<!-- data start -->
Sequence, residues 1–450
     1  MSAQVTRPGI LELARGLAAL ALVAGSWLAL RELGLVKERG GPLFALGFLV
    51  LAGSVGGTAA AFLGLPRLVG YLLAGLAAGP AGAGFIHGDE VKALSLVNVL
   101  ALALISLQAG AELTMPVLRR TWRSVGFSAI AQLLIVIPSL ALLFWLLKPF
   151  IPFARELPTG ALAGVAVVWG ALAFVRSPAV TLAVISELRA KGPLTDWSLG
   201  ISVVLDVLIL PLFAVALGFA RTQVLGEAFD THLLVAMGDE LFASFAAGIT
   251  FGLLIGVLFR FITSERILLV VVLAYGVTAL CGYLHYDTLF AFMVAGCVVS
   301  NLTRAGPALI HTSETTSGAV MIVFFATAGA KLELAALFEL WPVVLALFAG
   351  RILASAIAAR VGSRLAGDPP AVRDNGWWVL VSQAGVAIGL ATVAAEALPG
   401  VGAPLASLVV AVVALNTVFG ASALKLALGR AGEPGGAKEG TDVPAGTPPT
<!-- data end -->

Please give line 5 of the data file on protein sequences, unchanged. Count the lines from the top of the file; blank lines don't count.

   151  IPFARELPTG ALAGVAVVWG ALAFVRSPAV TLAVISELRA KGPLTDWSLG